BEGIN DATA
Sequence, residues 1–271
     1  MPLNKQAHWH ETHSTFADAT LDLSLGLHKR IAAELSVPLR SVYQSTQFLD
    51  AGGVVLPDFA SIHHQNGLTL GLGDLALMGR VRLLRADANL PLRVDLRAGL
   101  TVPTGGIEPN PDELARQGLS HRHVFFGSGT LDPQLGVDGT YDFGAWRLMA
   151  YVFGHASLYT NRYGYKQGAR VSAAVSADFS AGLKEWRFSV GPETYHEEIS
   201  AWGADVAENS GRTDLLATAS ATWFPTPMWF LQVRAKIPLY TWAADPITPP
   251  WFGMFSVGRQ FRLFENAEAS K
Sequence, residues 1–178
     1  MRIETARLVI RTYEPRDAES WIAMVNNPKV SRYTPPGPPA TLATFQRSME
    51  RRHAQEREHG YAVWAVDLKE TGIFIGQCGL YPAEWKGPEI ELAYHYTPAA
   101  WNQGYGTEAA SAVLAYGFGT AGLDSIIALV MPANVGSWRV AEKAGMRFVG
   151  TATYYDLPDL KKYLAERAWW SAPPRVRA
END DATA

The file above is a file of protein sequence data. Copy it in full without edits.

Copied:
Sequence, residues 1–271
     1  MPLNKQAHWH ETHSTFADAT LDLSLGLHKR IAAELSVPLR SVYQSTQFLD
    51  AGGVVLPDFA SIHHQNGLTL GLGDLALMGR VRLLRADANL PLRVDLRAGL
   101  TVPTGGIEPN PDELARQGLS HRHVFFGSGT LDPQLGVDGT YDFGAWRLMA
   151  YVFGHASLYT NRYGYKQGAR VSAAVSADFS AGLKEWRFSV GPETYHEEIS
   201  AWGADVAENS GRTDLLATAS ATWFPTPMWF LQVRAKIPLY TWAADPITPP
   251  WFGMFSVGRQ FRLFENAEAS K
Sequence, residues 1–178
     1  MRIETARLVI RTYEPRDAES WIAMVNNPKV SRYTPPGPPA TLATFQRSME
    51  RRHAQEREHG YAVWAVDLKE TGIFIGQCGL YPAEWKGPEI ELAYHYTPAA
   101  WNQGYGTEAA SAVLAYGFGT AGLDSIIALV MPANVGSWRV AEKAGMRFVG
   151  TATYYDLPDL KKYLAERAWW SAPPRVRA